Last week I returned from four intense days of learning at the NCTE Annual Convention in Boston, MA. One of the many perks of attending was the amount of free books that I received for my classroom library. I brought back over 70 books for my students! In talking with colleagues, I decided that one of the quickest ways to get the books into the hands of the students was to do a book pass, or as I like to call it “Speed Dating with Books”. When I was sharing this idea with my husband, he asked me how I’m going to make sure these books are appropriate for all of my students. That’s an impossible task. There is no way to make sure all books are appropriate for all readers. However, that doesn’t mean that I should prevent my students from reading some of the books in this new collection for the classroom library.
Being that this is my first year teaching 7th graders, I am finding that this is a pivotal year for them as readers. I have some readers who are devouring Eleanor and Park by Rainbow Rowell, Juliet Immortal by Stacey Jay, The Fault in Our Stars by John Green and Speak by Laurie Halse Anderson. I also have a group of readers who can’t get enough of Bigger Than a Breadbox by Laurel Snyder, Rump by Liesl Shurtliff and The False Prince by Jennifer Nielsen. The students who are reading books in the first category came to me reading those books. If I were to “censor” their book selections or make recommendations avoiding books that have young adult content including vulgar language, abuse or sexually active teens they would ignore my suggestions and read them anyway.
Making assumptions about where students have been and lives they have lived, even at the age of twelve, can be difficult. It saddens me to think about some of the things my students have witnessed and experienced at such a young age. I know that many of their peers (or even teachers) couldn’t even fathom going through such experiences. Therefore, many students feel alone in the world believing that no one could possible understand what they are going through. Reading books with similar experiences can help student find a place in this world. These books might mean that there is actually someone else out there struggling or overcoming similar issues as them.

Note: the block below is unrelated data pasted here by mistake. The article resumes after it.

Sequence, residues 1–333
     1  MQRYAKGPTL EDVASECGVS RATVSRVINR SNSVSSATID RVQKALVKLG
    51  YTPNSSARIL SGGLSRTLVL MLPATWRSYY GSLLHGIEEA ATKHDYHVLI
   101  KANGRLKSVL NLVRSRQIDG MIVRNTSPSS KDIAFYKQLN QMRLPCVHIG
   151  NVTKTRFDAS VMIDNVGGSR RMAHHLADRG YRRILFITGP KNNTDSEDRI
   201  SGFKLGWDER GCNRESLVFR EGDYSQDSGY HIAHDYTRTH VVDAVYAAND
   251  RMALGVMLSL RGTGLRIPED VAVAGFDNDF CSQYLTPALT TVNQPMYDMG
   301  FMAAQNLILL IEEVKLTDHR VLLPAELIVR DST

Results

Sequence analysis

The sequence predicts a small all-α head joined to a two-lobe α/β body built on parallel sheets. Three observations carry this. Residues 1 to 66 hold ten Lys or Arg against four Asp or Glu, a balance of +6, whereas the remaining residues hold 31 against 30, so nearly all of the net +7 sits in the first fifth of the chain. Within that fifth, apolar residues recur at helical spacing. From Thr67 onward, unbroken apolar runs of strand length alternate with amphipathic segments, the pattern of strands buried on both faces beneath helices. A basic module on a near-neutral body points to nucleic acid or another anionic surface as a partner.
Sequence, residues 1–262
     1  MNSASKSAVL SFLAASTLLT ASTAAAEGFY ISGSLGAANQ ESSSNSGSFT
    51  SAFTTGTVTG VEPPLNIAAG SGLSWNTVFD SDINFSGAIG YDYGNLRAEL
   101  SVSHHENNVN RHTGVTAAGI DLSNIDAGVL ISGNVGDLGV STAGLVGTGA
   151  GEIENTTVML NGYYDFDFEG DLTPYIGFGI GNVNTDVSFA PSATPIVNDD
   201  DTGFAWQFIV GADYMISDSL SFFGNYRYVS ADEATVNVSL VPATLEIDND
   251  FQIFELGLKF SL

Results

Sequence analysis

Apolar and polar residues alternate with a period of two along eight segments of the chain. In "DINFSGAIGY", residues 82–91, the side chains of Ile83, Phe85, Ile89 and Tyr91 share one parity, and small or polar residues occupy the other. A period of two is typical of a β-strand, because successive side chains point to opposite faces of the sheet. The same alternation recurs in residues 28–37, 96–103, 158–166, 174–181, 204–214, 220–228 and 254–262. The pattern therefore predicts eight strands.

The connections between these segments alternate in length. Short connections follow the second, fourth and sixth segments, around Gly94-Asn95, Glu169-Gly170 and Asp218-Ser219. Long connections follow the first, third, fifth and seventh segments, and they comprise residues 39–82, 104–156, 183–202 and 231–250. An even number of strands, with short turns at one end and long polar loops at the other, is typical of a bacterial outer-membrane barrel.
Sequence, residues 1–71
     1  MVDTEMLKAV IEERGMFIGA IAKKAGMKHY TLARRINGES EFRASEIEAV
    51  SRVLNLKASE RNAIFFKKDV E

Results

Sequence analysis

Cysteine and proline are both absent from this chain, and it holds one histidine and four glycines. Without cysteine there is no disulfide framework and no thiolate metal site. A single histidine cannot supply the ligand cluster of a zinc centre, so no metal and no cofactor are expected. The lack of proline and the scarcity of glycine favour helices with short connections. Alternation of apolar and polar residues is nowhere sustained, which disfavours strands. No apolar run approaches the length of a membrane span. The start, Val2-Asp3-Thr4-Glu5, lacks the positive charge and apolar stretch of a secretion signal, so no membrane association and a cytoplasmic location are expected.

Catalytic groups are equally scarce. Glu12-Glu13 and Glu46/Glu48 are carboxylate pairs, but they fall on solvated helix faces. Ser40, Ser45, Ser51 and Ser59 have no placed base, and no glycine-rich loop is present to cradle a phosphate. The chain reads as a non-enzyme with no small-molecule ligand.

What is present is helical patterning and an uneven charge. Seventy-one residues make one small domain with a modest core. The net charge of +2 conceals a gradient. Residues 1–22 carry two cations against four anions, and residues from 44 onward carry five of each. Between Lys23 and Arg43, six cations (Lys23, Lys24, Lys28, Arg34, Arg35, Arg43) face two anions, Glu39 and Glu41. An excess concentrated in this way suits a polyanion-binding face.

As for students who have not experienced any of the abuse, depression or sexually related content in young adult novels, these books can still provide a sense of understanding and compassion. I remember some of the books that I read when I was in middle school, and looking back I realize how much of the explicit content I truly did not understand. However, I still feel that I was able to have an emotional connection with many of the characters. I learned compassion and my eyes were opened to an entire world that I didn’t know existed. I truly believe that these books have made me a better person today because they first taught me how to be compassionate and empathetic.
As a teacher, this doesn’t mean I will hand any book to just any student without thoughtful conversations about the content. The majority of the books I received at NCTE I have not yet read. However, many of my friends that also teach middle school have read them. I will look at their reviews on Goodreads before determining how to handle a book within my classroom. I have some books that I keep behind my desk, and there are certain students that know they can check those books out at any time. I determine who those students are based on the books they have already shared and discussed with me. However, there are some books that I will directly recommend to a particular student knowing that their peers respect them as a reader. Once that student finishes the book, the book popularity will spread like wildfire. As much as I like to think of myself as a person that students will feel comfortable talking to about difficult content in books, I know that isn’t a realistic expectation. Knowing that many peers in the classroom are reading and sharing the same book opens the door for supportive conversations between peers about difficult topics.
Always remember that parent preference about book content is always first priority. If a parent does not agree with a book that I have recommended or that their child has checked out from my classroom library, I always respect that parent’s choice. This has only ever happened one time to me, but I know it probably won’t be the last time. In that situation I listened to the parent’s concerns and made sure that any book I recommended in the future fit the parent’s expectations for their student as reader.
Students want to read about stories that they can connect to as readers. One student said to me, “I don’t like reading books with characters younger than me.” I think this statement is true for the majority of middle school readers. If we want to help inspire our students as readers, we need to meet them where they are, and be prepared for them to want to read books about drinking, drugs, rape, sex and relationships. These books can help open the doors to conversations and action involving compassion, empathy and understanding.
I’ll leave you with some great thoughts about Jackson Pearce’s perspective of the “F-Bomb” in books.